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Emily Hall: A diverse cause

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Emily Hall, PCC graduate

Emily Hall, PCC graduate

Emily Hall finished her degree in the Civil and Mechanical Engineering Technology program and credits the program for turning her life around. Without it, along with the encouragement of faculty and staff, she might not be where she is today – running a materials testing lab in Lake Oswego called Shannon & Wilson Inc.

When she entered PCC as a 30-year-old single mother a few years ago, her confidence was at an "all time low." She had had a brush with the law and was homeless for a stretch before she realized she had to finish her education. Coming from a family of seven, she was the first to attend college.

"I needed to go to school for my son," said Hall, who has been selected to the Honor’s List five consecutive quarters. "The Civil and Mechanical Engineering Technology program was a fast track to a career. There is a gigantic need for people in this field."

The Utah native said her constant dropping out of college (she dropped out four times) was a result of, "one tragedy or drama after another," Hall said. "It always seemed to make it difficult for me to stay in school, but this was something that helped me focus. The scholarship was the key. Without it, I don’t know how well I would have done."

That scholarship was the result of a four-year, $400,000 grant for the computer science, engineering and math programs. It provided scholarships to full-time, degree-seeking students who showed the greatest financial need and were underrepresented in the targeted fields. Recently, PCC earned a follow-up to the grant with a four-year, $596,214 grant from the National Science Foundation’s Scholarships-Science, Technology, Engineering and Math program to increase diversity in the technology and engineering fields.

The S-STEM grant targets increasing participation of underrepresented students, specifically women, minorities and people in financial need, in technology engineering programs at PCC. This is the second grant for the Increasing Access and Diversity and Technology Programs project.

The new grant involves the Civil and Mechanical Engineering Technology, Electronic Engineering Technology and Machine Manufacturing Technology programs at the Sylvania Campus and the Microelectronics Technology program at the Rock Creek Campus. The goal of the grant is to increase under-represented groups by 50 percent, increase the number of female students by 25 percent, grow the amount of high school students by 20 percent, and have 80 percent of all scholars complete their program within two years.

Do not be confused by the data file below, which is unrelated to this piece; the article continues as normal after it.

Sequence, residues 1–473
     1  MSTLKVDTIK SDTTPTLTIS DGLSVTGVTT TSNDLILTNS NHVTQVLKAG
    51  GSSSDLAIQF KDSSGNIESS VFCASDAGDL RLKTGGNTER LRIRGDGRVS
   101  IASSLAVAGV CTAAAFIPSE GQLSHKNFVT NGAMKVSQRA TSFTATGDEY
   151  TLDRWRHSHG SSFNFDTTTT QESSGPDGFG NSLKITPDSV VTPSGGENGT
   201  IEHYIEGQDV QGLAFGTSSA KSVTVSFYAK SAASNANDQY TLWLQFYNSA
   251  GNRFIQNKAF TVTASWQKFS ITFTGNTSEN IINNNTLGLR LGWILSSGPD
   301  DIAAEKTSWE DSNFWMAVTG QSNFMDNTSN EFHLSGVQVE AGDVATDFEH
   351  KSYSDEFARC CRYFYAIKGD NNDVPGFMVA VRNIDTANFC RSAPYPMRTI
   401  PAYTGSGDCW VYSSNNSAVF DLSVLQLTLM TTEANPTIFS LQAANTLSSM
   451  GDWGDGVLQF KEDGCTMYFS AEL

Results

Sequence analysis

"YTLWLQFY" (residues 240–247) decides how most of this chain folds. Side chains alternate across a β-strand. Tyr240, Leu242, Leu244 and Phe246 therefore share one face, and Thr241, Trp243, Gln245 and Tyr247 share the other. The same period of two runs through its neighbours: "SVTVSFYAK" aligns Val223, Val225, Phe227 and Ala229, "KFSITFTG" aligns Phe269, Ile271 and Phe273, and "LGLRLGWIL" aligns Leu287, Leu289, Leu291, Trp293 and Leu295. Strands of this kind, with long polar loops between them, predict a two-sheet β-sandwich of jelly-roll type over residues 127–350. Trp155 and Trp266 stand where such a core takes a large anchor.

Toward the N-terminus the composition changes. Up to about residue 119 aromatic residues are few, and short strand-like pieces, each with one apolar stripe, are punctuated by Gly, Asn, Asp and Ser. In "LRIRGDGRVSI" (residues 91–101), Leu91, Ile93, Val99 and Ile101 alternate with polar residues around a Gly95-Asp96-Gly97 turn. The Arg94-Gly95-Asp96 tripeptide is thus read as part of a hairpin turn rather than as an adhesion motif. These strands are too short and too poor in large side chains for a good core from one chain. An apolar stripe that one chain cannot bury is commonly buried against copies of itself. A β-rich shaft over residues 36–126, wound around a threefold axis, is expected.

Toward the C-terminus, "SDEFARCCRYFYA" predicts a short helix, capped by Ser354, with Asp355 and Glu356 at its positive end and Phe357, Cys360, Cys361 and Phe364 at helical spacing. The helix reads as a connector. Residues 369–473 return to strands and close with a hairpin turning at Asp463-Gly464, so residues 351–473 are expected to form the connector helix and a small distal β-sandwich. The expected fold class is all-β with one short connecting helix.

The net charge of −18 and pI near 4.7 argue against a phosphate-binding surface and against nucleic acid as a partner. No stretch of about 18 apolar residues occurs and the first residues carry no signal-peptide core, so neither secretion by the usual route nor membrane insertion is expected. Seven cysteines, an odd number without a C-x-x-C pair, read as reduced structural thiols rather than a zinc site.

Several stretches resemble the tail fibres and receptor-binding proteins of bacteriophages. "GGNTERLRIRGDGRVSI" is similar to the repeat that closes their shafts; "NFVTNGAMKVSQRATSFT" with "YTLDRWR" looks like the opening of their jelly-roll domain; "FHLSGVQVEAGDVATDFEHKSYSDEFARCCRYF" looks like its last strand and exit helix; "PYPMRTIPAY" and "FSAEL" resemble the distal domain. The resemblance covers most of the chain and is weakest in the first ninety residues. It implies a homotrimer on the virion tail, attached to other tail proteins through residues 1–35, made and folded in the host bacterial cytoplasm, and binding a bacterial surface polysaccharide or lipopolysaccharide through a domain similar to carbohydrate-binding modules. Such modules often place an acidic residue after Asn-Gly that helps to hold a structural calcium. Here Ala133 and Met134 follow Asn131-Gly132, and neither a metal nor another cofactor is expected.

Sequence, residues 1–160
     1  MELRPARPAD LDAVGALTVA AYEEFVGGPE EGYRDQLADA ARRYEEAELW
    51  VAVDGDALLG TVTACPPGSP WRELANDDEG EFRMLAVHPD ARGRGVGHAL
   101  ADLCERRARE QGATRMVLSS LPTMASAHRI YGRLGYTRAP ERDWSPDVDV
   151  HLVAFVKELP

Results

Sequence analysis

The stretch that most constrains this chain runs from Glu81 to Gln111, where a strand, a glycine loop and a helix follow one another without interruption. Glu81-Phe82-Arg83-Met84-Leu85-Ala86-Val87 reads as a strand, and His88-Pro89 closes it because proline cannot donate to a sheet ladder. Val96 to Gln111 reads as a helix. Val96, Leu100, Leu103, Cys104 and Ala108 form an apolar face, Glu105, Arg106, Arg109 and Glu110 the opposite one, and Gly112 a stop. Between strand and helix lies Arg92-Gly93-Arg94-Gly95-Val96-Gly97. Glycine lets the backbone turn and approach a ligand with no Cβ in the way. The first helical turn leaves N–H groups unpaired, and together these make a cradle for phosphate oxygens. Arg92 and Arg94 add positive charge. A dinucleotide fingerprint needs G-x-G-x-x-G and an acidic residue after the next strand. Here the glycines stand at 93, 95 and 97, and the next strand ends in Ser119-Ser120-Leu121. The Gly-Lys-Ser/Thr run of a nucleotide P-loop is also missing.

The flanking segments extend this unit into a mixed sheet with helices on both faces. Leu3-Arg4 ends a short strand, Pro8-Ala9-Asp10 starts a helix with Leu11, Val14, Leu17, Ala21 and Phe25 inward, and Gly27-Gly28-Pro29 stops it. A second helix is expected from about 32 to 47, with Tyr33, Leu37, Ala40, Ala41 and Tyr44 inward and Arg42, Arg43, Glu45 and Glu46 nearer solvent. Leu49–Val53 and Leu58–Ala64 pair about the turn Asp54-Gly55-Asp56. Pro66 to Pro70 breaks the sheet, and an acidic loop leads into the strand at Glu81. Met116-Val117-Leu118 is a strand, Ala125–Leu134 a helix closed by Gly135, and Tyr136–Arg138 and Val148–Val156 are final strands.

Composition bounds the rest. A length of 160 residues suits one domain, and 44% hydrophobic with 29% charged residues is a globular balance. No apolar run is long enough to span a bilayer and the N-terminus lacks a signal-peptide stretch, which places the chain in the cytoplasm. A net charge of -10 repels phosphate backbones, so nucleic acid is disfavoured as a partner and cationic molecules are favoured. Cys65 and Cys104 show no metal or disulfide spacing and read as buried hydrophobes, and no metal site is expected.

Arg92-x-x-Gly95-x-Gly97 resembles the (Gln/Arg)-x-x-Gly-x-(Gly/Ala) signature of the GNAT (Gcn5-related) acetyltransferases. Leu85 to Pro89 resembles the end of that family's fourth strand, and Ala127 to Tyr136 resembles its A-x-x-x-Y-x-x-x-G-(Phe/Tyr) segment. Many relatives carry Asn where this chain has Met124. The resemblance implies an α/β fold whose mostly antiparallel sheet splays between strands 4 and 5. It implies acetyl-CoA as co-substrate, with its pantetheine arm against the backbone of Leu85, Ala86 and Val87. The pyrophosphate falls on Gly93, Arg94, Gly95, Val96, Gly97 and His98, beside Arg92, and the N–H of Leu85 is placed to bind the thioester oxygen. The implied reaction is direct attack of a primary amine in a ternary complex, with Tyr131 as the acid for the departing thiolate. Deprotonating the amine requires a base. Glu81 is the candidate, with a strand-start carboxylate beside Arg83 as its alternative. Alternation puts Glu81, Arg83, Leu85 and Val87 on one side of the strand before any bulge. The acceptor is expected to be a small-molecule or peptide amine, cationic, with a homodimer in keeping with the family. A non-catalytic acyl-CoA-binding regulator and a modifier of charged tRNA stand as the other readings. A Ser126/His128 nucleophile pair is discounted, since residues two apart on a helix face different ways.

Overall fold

"The goal of these grants is to address the need for a more diverse engineering workforce and help feed the big demand for engineers in all fields," said Todd Sanders, mechanical engineering instructor and project manager for the grant. "There are numerous students with financial need who will benefit from this grant, especially minority students, single parents, injured workers, displaced workers, and people who have hit the employment ceiling without an education."

To help improve the path to these programs, Sanders said that they have teamed up with the college’s PAVTEC program, which offers PCC credit courses through cooperating high schools. If high school students complete the courses, they are eligible for entry into the programs and will have their two years of school at PCC paid for, including tuition and books. This is a value of about $8,250. There is also an option in which, if the students transfer to Oregon Institute of Technology, they have their third year paid for as well.

The grant aims to get students like Emily Hall exposed to a career field that she might not have explored otherwise. Hall wasn’t your typical candidate to enter a civil and mechanical engineering program. She is an artist, who specializes in painting art cars in brilliant colors and spent two years in a drum corps, participating in the Starlight Parade. Plus it didn’t help that she was terrified of math or anything relating to it.

"I was a ‘math-phobe’; completely afraid of math," she said. "I am proof that women can do this. Even though I was paranoid about my abilities I stuck with it and knew I could do it. Now it’s all I do. I remember when I first started, instructor Jan Chambers asked, ‘How are your math skills?’ I told her, ‘Well I could learn.’ I didn’t want to tell her that I had never seen anything above pre-algebra. It was really difficult for me to pick it up. Many people don’t make it past the first year because of the amount of math. It’s really challenging."

Emily Hall -mixing chemicals Once Hall got the hang of the course work she was hooked. She said engineering is a broad area in which there are so many different ways to start a career path, whether it is construction or project management. She now helps supervise a lab that performs tens of thousands of dollars of testing, overseeing an audit and much more.

"I love what I’m doing; I’m a workaholic," Hall said. "Going into this field I’m thinking with a whole other wing of my brain that I didn’t know I had. I love geology and that’s what I’m dealing with, technical engineers and geologists go into this field. One reason I was hired was that the PCC Civil and Mechanical Engineering program gave me Auto Cad skills, lab and field experience, which were really important to my employer."

She also

About James Hill

James G. Hill, an award-winning journalist and public relations writer, has been the Communications Specialist for the Office of Public Affairs at Portland Community College since November of 1999. A graduate of Portland State University, J... more »

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